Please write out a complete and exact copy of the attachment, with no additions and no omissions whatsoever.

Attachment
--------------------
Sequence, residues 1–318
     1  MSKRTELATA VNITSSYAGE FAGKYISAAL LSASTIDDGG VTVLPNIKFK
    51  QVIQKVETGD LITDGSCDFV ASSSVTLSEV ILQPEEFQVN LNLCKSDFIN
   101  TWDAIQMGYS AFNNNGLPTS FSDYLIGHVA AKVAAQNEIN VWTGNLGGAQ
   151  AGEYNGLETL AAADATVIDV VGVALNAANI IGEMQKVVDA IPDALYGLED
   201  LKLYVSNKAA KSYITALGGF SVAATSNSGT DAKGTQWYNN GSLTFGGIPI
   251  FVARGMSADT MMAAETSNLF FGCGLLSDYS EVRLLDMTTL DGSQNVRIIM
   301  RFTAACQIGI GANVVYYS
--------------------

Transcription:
Sequence, residues 1–318
     1  MSKRTELATA VNITSSYAGE FAGKYISAAL LSASTIDDGG VTVLPNIKFK
    51  QVIQKVETGD LITDGSCDFV ASSSVTLSEV ILQPEEFQVN LNLCKSDFIN
   101  TWDAIQMGYS AFNNNGLPTS FSDYLIGHVA AKVAAQNEIN VWTGNLGGAQ
   151  AGEYNGLETL AAADATVIDV VGVALNAANI IGEMQKVVDA IPDALYGLED
   201  LKLYVSNKAA KSYITALGGF SVAATSNSGT DAKGTQWYNN GSLTFGGIPI
   251  FVARGMSADT MMAAETSNLF FGCGLLSDYS EVRLLDMTTL DGSQNVRIIM
   301  RFTAACQIGI GANVVYYS